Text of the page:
After establishing his core style, Aboudia would lug his paintings around the galleries of central Abidjan, hoping for a way in.

“It was very hard… they’d say: ‘Are you crazy? What is this work? You better go to London, to United States or Paris, because this work… here it doesn’t make sense’,” Aboudia recalls.

Aboudia/Larkin Durey Aboudia's painting, Le couloir de la mort, 2011Aboudia/Larkin Durey

Aboudia produced 21 pieces while holed up in his studio during the war

The adversity did not end there. In 2010, Laurent Gbagbo, the then president of Ivory Coast, refused to step down after losing an election to rival Alassane Ouattara. A civil war broke out, killing 3,000 people and forcing another 500,000 from their homes.

Throughout the four-month conflict, Aboudia sought refuge in his basement studio, documenting the horrors he saw when venturing above ground.

The war ended with Mr Gbagbo’s dramatic capture by UN and French-backed troops – and Aboudia emerged from his haven with 21 disconcerting paintings.

Art-lovers and journalists from Ivory Coast and beyond lauded his work and Aboudia’s ascent to global success began.

He was championed by renowned art collectors Charles Saatchi and Jean Pigozzi – and went on to exhibit his work at prestigious venues like Christie’s New York and the Venice Biennale.

Aboudia’s first solo exhibition was at the setting for this interview, London’s Larkin Durey (then named the Jack Bell gallery).

Owner Oliver Durey, who has now known Aboudia for over a decade, tells the BBC: “There is something we can all relate to in his paintings; hiding amidst the uncertainty and horror there are balanced moments of strength and beauty.”

African art expert Henrika Amoafo says Aboudia’s art “kind of fits the international idea of Africa representing war” and other forms of strife.

There are other reasons for his success though, like his “authenticity, the really raw emotional power that he’s able to convey, the way that he speaks to urban life, the way that he speaks about conflict and its impact on children”, says Ms Amoafo, an executive at ADA Contemporary Art Gallery in Ghana.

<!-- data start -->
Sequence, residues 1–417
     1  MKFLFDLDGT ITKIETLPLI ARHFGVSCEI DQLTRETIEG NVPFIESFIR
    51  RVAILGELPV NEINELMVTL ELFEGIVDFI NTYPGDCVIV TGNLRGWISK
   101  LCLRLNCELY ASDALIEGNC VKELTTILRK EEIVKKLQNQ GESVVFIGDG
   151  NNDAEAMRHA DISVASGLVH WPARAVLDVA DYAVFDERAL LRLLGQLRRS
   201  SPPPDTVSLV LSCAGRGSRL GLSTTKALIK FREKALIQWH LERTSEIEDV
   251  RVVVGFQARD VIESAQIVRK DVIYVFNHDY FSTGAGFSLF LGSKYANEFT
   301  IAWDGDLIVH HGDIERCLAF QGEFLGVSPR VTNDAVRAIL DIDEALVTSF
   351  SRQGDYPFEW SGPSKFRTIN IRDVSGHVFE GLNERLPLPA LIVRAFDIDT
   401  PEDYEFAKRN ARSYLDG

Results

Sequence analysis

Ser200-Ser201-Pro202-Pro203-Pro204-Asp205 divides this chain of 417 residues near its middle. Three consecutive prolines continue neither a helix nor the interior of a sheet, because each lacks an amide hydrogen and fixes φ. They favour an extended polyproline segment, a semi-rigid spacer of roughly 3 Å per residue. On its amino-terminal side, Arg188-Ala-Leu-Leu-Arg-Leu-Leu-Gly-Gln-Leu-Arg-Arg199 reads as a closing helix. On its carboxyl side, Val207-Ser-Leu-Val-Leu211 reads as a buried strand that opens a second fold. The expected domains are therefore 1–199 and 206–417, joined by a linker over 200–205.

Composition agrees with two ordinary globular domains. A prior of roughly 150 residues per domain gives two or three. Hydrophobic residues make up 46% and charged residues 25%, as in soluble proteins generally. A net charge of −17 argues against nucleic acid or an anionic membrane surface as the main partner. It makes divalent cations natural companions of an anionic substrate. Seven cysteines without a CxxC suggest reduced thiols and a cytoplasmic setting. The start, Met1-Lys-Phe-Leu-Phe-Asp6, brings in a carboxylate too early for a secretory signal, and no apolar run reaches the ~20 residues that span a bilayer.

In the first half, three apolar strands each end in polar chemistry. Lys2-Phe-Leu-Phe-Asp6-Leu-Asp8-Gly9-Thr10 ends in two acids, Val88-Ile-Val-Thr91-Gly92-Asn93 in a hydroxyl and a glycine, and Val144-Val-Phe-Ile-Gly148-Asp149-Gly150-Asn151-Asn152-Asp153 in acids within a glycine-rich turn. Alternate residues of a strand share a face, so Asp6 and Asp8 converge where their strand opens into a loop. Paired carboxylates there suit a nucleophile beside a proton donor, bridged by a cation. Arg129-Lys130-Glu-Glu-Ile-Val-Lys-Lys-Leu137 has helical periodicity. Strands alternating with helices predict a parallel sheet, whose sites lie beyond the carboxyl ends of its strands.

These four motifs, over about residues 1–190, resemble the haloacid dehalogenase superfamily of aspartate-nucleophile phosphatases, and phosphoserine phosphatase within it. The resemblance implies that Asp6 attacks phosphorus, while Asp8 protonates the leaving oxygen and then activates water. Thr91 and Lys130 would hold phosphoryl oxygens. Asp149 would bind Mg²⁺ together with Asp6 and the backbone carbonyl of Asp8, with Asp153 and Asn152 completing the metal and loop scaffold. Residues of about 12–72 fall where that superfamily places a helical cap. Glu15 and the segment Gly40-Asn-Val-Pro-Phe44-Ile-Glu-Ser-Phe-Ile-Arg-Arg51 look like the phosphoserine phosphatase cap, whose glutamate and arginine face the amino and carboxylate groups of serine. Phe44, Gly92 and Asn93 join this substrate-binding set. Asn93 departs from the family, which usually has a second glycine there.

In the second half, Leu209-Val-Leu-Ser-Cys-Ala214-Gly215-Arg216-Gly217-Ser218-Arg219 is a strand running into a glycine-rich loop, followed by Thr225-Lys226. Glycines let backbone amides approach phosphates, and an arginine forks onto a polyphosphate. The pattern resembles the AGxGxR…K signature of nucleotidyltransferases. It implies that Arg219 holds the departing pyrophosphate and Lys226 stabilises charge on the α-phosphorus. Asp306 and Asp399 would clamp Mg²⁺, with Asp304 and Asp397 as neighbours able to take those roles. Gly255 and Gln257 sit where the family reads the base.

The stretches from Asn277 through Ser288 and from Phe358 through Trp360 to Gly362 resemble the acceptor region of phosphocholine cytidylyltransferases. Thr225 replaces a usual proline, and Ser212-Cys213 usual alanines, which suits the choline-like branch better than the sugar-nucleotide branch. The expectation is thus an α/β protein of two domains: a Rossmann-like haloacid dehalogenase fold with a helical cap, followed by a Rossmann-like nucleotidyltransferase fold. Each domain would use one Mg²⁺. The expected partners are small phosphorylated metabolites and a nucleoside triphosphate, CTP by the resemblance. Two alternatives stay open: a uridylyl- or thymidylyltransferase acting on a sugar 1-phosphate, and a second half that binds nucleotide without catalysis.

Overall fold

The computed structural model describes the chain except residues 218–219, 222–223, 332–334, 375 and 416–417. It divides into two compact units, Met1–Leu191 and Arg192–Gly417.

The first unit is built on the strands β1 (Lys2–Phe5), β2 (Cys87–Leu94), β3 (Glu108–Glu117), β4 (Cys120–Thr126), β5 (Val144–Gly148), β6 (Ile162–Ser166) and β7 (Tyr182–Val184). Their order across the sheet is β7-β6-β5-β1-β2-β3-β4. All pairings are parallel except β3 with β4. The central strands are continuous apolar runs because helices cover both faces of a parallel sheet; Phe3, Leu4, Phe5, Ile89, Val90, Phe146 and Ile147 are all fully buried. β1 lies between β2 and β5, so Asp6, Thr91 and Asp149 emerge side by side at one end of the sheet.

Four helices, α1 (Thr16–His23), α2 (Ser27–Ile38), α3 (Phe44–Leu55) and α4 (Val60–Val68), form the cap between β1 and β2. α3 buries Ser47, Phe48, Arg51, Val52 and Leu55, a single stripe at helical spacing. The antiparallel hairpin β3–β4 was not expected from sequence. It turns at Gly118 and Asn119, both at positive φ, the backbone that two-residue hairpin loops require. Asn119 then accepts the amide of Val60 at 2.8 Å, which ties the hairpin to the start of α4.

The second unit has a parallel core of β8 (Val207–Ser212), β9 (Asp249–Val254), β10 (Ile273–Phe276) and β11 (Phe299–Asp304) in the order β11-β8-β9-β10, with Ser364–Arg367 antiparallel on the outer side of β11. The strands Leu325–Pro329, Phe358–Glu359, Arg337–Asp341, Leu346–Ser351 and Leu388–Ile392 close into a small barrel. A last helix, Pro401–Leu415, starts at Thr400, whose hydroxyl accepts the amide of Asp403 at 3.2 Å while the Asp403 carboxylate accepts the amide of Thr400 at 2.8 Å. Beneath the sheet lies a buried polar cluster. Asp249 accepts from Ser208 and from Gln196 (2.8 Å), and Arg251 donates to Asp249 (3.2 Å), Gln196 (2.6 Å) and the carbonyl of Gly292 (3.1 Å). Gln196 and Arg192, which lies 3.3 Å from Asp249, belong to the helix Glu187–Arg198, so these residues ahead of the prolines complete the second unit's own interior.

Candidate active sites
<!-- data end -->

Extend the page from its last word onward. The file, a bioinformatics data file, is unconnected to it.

Aboudia/Larkin Durey Aboudia's 2011 painting, UntitledAboudia/Larkin Durey

Aboudia’s striking war paintings helped him gain international recognition

Aboudia’s rise also coincides with that of the African art market. In 2021, art analysis firm ArtTactic reported that the auction sales value of contemporary and modern African art surged by 44% to a record high of $72.4m (£56.9m).

ArtTactic has also found that while the global art market declined by 18% last year, Africa’s only shrunk by 8.4%.

In its 2024 assesment of the industry, Hiscox did not include a ranking of best-selling artists by the volume of all artworks sold, as it did in 2023.

However, it named Aboudia as the sixth most successful artist when it comes to pieces sold for less than $50,000 (£39,300).

Aboudia’s rise has led to him splitting his time between his country of birth and New York. When he is back in Ivory Coast, he pours his efforts into the Aboudia Foundation, an organisation he launched to support the country’s children and young artists.

This is yet another example of the star’s drive – but when I ask him if he has any plans lined up for his career, he answers plainly: “No, I don’t have that.”

When I press him, he says he takes things one day at a time – perhaps a soothing antidote to over a decade of tenacity.

You may also be interested in:

Getty Images/BBC A woman looking at her mobile phone and the graphic BBC News AfricaGetty Images/BBC



Source link

Leave a Reply

Your email address will not be published. Required fields are marked *